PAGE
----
Cino has his own method for evaluating candidates. “I stay and observe them, among others. I hear how they talk, watch how they act. I get them on the boat, I change their duties: to the steering wheels, to the grinders, to the halyards…. Some I discard immediately, others after four or five days. I put character and man before technique and sailor. I am convinced that sailors you can become, for what you need on a 12 Metre, while to be the right elements of a team you have to have the characteristics. (…) They arrive, I put them together with the others and watch them…. I watch them, try to see if they can blend in with the others, if they can fit into the group…. I also often use rather empirical methods to figure out what they are made of. At the table, when the courses arrive, whoever jumps in first and chooses is almost out.”

Ricci is a born leader in character and mindset. “The ideal for me is to command. In the beginning, I’m also fine with being at the helm, because I want to prove myself at the tiller, but then I don’t see anything but command. After all, as a child I dreamed of commanding a warship, not of being a gunner.” Even at the cost of clashing with those who resent his choices. “Deciding and doing is stronger than me. I’ve always done it, I’ve never had masters, no one has ever given me orders. And I know what I have to do and how to do it. I feel I am leading the platoon that has to conquer 88 altitude, and I demand that others think only of supplying me with rifles and bayonets. The America’s Cup is me, you have to provide me with the necessary resources and materials, and that’s it… The goal, just the goal.” Among those in that adventure who resented Ricci’s way of doing things was Gianfranco Alberini, secretary of the Yacht Club Costa Smeralda and future president of the Consortium. Matter of ways of doing things. Alberini former Navy officer, dressed in white. Ricci walks around barefoot, diplomacy he does not know. And when Alberini surprises the entire crew in the yacht club’s swimming pool washing up (some clothed, some naked) after a workout, he blurts out in a hiss, “You peasants….”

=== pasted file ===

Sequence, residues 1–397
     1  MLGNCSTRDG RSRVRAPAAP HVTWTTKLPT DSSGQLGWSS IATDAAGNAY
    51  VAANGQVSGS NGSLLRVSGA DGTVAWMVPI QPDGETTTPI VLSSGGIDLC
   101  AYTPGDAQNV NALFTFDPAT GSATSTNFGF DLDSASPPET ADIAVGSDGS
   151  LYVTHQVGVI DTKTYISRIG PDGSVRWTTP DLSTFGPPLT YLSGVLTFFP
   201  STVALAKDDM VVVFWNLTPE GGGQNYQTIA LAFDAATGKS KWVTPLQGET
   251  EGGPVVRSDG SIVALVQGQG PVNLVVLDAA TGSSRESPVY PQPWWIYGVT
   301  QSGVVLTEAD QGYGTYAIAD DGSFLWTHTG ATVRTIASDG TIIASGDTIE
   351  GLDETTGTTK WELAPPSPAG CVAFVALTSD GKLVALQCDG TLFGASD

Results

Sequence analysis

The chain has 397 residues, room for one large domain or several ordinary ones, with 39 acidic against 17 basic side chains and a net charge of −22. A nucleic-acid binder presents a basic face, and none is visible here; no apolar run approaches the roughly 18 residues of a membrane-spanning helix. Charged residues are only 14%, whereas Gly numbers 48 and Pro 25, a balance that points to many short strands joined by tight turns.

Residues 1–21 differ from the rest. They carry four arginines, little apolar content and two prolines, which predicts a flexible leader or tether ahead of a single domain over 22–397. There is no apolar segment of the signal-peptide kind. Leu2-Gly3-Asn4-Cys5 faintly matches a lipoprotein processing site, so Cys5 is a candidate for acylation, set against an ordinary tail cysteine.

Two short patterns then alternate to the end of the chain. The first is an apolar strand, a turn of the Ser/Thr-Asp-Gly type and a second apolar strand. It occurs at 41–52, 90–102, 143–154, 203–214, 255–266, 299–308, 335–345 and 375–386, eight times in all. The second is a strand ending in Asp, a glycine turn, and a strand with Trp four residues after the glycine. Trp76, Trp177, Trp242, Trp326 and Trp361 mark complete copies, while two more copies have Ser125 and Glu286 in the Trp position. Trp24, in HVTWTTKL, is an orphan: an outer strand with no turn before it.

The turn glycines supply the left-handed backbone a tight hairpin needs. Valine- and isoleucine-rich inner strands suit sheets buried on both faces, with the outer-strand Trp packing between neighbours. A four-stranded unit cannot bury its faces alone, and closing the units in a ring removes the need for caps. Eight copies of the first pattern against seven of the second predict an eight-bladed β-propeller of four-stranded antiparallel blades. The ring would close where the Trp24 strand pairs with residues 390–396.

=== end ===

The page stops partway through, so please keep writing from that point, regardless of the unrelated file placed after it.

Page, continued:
Australia vs. Azure
Australia vs. Azure


The first Italian challenge to the America’s Cup would then be a great success, with Azzurra managing to reach the semifinals of the Louis Vuitton Cup. But Cino Ricci was not only Azzurra. His relationship with the sea and boats comes from much further back. From when he was a child he had Cervia’s canal port as his playground and fishermen as his friends. Studying was not his forte and after finishing his studies, between a daring motorcycle trip to the North Cape and hunting trips, he began working in the family construction company. Little by little he approaches the world of competitive sailing, in years when the Adriatic was far behind the circles of the Tyrrhenian, not to mention those of France and England. Cino decides that in order to learn he must go abroad, to take the Glénans’ courses. And he is thunderstruck. “This sail has the value of revelation for me. I believe it, I identify. (…) On board they can do anything, repair anything, sew any sail. And that’s right: they are aware that away from the ground if something happens to them they certainly can’t call the tow truck…. They know they have to fend for themselves. (…) it’s like looking out into the sun after being locked in a dark room for years.”